“Are you taking the Barf Bus” said a good friend a few months before we started our journey.  The term ‘bus’ wasn’t discouraging but ‘barf’ encouraged us to take a car.

Heading towards Pai we climbed upwards for what seemed like an eternity through the heavy rain. The spectacular scenery consisted of thick dense forest broken up with glimpses of mountain peaks and deep valleys before finally heading down into the valley where Pai is situated.

Pai is still unspoilt and free from the large hotel chains that dominate many of the popular tourist spots in Thailand. Small independent hotels, resorts and homestays litter the main road into Pai with the centre mainly populated with restaurants, bars and shops and market stalls peddling much of the usual fare.

We passed through the centre of town and turned off the main road into a quiet back road where we found our beautiful traditional Thai house that would be home for the next week.

There so much to do in Pai. With the surrounding countryside offering everything from the traditional way of life to outstanding areas of beauty like the extensive bamboo bridge across the rice fields, canyons, hot springs and views across the Pai valley.  Evenings were just as diverse with a vibrant market, live music and a plethora of bars and restaurants offering wonderful traditional food as well as cuisine from all over the world.  All this to do and yet sitting quietly on the veranda of our quaint Thai home, with a beer, seemed just as inviting.

First things first, we grabbed a scooter as started to explore.  Heading north and into the forest we searched for the hot springs. In some ways it’s the last thing that you need in the hot 30 deg heat but lying in the warm water listening to nothing but the cicadas and the sound of the water running over the falls was a joy.

The following day we drove south and Pai Canyon.  En route there is a small land split, as they call it, that was created by an earthquake 2008.  Its run by a local whose land it is on. There is no entrance fee just a donation box which is kind of sweet and refreshments in the shade after.  It’s a great walk through the split and a great experience which was well worth the donation that we left.

Moving on from the land split we headed further into the jungle and arrived soon after at the Bamboo Bridge.  It’s an amazing structure. About 1km long, floating above the rice fields and built by the locals to make it easier for the monks to reach the local town from the temple that sits at the end of the bridge. Every day the monks visit the town with small wooden bowls to receive donations usually in the form of food.  It’s a stunning walk above the rice fields to the end every so often passing the rice farmers who always smiled and said hello.

After the bridge we headed for Pai Canyon.  Pai Canyon or Kong Lan in Thai, is a unique geographical area has been formed by continuous erosion over decades. Its geological formations are quite stunning and there are beautiful views over the surrounding countryside. The carved narrow ledges and slabs that have survived the erosive actions have created steep 30 metre cliff drops and a series of narrow walkways that snake out into the valley. After a long walk it was great to just sit and watch the rain pass through the canyon.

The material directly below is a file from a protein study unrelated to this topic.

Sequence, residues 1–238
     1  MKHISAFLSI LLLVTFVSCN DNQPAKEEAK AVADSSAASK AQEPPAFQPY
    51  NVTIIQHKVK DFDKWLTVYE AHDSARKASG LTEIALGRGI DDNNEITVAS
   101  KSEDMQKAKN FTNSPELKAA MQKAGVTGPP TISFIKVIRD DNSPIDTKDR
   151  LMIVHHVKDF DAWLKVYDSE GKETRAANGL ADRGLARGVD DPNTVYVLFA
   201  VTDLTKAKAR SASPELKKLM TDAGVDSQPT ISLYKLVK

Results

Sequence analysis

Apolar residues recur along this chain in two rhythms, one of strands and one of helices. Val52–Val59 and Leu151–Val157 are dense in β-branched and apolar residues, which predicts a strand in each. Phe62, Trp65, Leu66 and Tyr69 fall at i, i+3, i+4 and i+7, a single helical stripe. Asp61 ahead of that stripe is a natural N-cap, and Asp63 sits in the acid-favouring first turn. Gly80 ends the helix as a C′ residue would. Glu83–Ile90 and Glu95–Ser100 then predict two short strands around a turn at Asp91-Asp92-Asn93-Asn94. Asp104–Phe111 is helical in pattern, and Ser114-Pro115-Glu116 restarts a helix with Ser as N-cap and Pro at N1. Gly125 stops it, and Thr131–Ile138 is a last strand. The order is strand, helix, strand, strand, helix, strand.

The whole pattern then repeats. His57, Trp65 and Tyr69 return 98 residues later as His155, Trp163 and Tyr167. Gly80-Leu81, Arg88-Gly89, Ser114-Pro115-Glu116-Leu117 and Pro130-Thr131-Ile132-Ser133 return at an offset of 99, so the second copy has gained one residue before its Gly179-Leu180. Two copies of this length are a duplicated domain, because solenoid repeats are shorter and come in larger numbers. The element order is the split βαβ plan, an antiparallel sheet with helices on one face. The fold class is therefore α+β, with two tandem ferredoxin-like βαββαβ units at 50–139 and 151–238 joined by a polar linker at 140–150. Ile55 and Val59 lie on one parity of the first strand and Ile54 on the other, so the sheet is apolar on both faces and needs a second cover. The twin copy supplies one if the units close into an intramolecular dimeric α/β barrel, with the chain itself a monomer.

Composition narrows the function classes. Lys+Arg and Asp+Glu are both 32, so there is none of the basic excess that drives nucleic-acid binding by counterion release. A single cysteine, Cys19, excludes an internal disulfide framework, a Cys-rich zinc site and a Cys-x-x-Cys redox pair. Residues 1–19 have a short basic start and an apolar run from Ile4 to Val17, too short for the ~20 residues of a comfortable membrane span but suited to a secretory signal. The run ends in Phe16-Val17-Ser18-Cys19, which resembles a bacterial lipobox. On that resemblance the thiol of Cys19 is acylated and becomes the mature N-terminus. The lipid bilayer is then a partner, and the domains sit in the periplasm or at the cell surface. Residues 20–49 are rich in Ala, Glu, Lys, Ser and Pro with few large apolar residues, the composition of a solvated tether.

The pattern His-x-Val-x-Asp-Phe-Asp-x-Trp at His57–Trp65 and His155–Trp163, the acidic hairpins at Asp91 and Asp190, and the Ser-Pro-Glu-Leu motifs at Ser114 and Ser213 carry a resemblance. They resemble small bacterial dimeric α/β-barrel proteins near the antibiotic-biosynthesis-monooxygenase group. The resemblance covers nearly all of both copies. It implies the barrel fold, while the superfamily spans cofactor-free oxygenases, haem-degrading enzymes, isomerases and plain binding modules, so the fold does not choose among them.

A real highlight of our stay in Pai was the river rafting.  A great 1-day adventure on a winding 45 km stretch of river through untouched jungle and a wildlife sanctuary. Arriving early, we were met by a family of gibbons swinging through the trees. Given the nature of our day and the proximity of water I did not take my camera with me, so the picture is a little fuzzy.  It was meant to be a wild ride but sadly the water level was low so we meandered slowly down the river, passing small waterfalls, running through bushes that emptied hundreds of jumping spiders into the raft, negotiating the odd small rapid and generally enjoying the view.  

Stopping for lunch we made a friend. A butterfly that insisted on stopping on my hand.  It’s always great to get so close to nature.  

We also got to meet with the local rangers navigating the river on traditional rafts.  It was a long day but a fruitful and spectacular one and after all the paddling the cold shower and refreshments at the end were very welcome.

We had so many great evenings walking the markets, eating in the numerous restaurants and listening to live music which was plentiful given that we had arrived at the start of the Jazz festival.  The Blah Blah Bar was memorable for Gee the crazy owner and the constant loud punk and rock music that he played. 

On our last night we moved away from the busy centre of town and headed for the white Buddha. A large structure built on the side of a hillside with incredible views across the Pai valley. From there we relaxed at the Sundown Playground where we sat drinking cocktails watching the sunset.  A fitting end to our time in Pai where chilling was key.